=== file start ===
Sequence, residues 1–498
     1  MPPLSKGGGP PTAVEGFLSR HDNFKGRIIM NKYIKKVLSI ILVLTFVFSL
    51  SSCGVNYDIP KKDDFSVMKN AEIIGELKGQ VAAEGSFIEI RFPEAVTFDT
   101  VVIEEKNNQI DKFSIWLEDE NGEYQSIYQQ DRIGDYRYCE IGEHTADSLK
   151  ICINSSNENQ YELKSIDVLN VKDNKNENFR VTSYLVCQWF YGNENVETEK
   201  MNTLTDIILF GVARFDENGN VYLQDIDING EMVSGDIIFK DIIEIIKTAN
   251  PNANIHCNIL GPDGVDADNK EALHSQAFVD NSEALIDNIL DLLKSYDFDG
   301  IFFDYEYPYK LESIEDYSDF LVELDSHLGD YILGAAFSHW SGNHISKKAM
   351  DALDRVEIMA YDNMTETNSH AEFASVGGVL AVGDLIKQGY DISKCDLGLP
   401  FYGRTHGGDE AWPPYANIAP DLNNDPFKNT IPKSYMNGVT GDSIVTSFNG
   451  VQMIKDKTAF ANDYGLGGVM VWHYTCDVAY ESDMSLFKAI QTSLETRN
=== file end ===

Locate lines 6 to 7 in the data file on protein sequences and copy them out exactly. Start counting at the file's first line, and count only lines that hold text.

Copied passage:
   201  MNTLTDIILF GVARFDENGN VYLQDIDING EMVSGDIIFK DIIEIIKTAN
   251  PNANIHCNIL GPDGVDADNK EALHSQAFVD NSEALIDNIL DLLKSYDFDG